Counterpoint: Printing quotas really aren't that bad
Since I?ve come to campus, one of the biggist complaints students have had about CMU Computing is printing.
In the past, two bulk printers, known as Pear and Grapenut, were housed in the basement of Cyert Hall. It was hoped that cluster printers would be able to cover smaller print jobs, leaving Pear and Grapenut to handle bulk print jobs. This ideal was not realized.
According to Computing Services? three years of research, Cyert and Baker printers alone printed more than twice the amount of Pear and Grapenut, with 50,000 and 20,000 pages, respectively. In response, a new printing system was set up to maximize print distribution and better control the number of wasted pages students print.
Computing Services was forced to make some well-researched changes. First, Pear and Grapenut were retired, as despite all their available information, they were underused. Many students never had an opportunity to use them and the majority simply didn?t even know they existed.
Computing Services then installed a new printer kiosk in the basement of the University Center. Each cluster has also received new printer kiosks which can print considerably faster than their predecessors, alleviating long lines at cluster printers.
Most important, though, is the new printing quota. In the past, students had been able to run large documents to any printer on campus from a remote location. To students waiting in a cluster for a document, standing in line for a phantom student to retrieve their print job was unfair and infuriating. Even worse, students would often never show for the papers they had printed.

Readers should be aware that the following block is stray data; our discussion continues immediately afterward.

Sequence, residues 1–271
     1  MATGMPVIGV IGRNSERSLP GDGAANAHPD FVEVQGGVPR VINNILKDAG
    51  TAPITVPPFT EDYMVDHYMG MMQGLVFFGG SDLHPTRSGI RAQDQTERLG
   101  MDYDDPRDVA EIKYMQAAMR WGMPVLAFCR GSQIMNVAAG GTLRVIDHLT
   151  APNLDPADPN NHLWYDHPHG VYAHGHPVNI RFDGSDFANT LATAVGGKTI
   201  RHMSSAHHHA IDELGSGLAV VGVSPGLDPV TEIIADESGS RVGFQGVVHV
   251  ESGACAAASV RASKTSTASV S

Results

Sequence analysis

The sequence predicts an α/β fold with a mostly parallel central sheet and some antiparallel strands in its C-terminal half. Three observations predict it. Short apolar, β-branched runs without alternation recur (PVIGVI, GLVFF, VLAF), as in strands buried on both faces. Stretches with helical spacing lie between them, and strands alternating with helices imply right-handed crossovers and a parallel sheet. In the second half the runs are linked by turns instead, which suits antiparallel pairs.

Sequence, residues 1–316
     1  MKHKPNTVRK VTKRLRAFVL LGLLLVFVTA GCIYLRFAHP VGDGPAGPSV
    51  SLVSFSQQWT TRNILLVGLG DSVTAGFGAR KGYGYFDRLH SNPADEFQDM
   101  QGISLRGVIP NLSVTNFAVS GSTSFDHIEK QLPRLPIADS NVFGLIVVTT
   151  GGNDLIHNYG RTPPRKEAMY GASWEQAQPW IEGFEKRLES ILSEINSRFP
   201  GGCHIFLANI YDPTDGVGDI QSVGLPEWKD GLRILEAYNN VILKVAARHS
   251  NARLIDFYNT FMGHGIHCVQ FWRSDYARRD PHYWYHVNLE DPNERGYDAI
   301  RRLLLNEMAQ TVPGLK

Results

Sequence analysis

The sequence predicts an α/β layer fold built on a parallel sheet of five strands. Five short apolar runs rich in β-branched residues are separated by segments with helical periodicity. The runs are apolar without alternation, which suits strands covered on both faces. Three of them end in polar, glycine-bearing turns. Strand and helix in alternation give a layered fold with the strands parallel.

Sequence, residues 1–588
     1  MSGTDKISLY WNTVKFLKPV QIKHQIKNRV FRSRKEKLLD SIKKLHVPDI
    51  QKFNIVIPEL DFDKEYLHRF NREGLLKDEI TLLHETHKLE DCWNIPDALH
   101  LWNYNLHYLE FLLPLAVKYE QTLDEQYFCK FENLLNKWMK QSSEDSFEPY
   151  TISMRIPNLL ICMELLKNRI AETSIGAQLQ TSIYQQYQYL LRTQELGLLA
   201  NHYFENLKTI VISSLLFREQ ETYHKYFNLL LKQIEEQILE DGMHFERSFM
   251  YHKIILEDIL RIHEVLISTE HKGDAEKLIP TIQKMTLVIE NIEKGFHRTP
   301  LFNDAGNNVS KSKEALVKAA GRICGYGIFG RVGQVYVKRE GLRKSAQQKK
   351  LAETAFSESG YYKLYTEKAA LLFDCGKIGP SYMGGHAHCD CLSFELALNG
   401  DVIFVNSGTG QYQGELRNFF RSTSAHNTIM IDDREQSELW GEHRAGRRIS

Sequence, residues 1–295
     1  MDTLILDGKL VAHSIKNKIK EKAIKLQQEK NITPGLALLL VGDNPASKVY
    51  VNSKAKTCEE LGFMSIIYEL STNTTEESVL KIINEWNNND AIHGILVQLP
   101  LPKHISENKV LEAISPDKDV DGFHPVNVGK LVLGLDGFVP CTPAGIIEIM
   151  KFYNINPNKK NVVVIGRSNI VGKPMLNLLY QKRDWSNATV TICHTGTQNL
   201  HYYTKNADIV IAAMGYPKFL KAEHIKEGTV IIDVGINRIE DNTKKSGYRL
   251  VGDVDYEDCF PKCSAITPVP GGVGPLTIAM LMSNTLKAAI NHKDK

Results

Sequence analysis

An even bigger problem was when a printout would fail. Fairly often, a student would print a large document ? say, 200 pages ? and, for some reason, the printer-computer communication would fail, resulting in hundreds of pages being wasted.
The waste of paper was completely unacceptable. With the new quota system, students must be present to start their printout, ensuring that those who are printing do not have to wait for phantom students and making sure that students are available to cancel jobs, if necessary. Michael Rivera, ccon and Windows Technical Consultant, said, ?I would like to point out that since the new printing system was established, I have had to recycle 500 sheets of paper. I used to recycle that much every shift, if not more.?
This allotment serves two purposes. Students will pay more attention to their printouts, as they have a limited free supply, and it allows for students who don?t need to print not to pay for printing they?re not going to use.
I understand that some majors may need to print large numbers of documents, but it?s part of your tract. The bulk of students on campus are forced to buy textbooks or supplies, which may cost in excess of $200 apiece. So think about it this way: I paid over $500 for my textbooks last semester. You spend an extra $40 on the paper you need to print your texts instead of buying books. Overall, the system is beneficial for you. You?re still saving money on buying a printer, so grow up ? and use the benefits of the new printing system.